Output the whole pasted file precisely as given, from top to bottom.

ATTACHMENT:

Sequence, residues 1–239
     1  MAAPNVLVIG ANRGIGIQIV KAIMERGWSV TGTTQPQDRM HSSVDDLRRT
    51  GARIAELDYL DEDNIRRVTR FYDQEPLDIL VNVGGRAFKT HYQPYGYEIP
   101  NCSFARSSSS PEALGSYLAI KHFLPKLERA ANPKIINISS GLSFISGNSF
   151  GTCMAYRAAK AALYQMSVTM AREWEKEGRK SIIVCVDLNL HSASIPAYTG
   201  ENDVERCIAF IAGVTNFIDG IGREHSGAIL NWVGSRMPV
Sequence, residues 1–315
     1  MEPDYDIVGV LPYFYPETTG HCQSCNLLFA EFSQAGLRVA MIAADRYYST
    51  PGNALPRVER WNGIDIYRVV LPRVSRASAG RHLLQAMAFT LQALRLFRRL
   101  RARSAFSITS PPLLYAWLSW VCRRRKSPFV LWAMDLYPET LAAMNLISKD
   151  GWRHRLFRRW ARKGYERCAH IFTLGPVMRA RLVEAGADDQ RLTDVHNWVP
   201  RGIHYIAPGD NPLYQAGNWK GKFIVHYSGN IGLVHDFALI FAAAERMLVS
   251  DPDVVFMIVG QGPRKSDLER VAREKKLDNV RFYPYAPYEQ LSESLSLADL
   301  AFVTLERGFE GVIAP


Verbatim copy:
Sequence, residues 1–239
     1  MAAPNVLVIG ANRGIGIQIV KAIMERGWSV TGTTQPQDRM HSSVDDLRRT
    51  GARIAELDYL DEDNIRRVTR FYDQEPLDIL VNVGGRAFKT HYQPYGYEIP
   101  NCSFARSSSS PEALGSYLAI KHFLPKLERA ANPKIINISS GLSFISGNSF
   151  GTCMAYRAAK AALYQMSVTM AREWEKEGRK SIIVCVDLNL HSASIPAYTG
   201  ENDVERCIAF IAGVTNFIDG IGREHSGAIL NWVGSRMPV
Sequence, residues 1–315
     1  MEPDYDIVGV LPYFYPETTG HCQSCNLLFA EFSQAGLRVA MIAADRYYST
    51  PGNALPRVER WNGIDIYRVV LPRVSRASAG RHLLQAMAFT LQALRLFRRL
   101  RARSAFSITS PPLLYAWLSW VCRRRKSPFV LWAMDLYPET LAAMNLISKD
   151  GWRHRLFRRW ARKGYERCAH IFTLGPVMRA RLVEAGADDQ RLTDVHNWVP
   201  RGIHYIAPGD NPLYQAGNWK GKFIVHYSGN IGLVHDFALI FAAAERMLVS
   251  DPDVVFMIVG QGPRKSDLER VAREKKLDNV RFYPYAPYEQ LSESLSLADL
   301  AFVTLERGFE GVIAP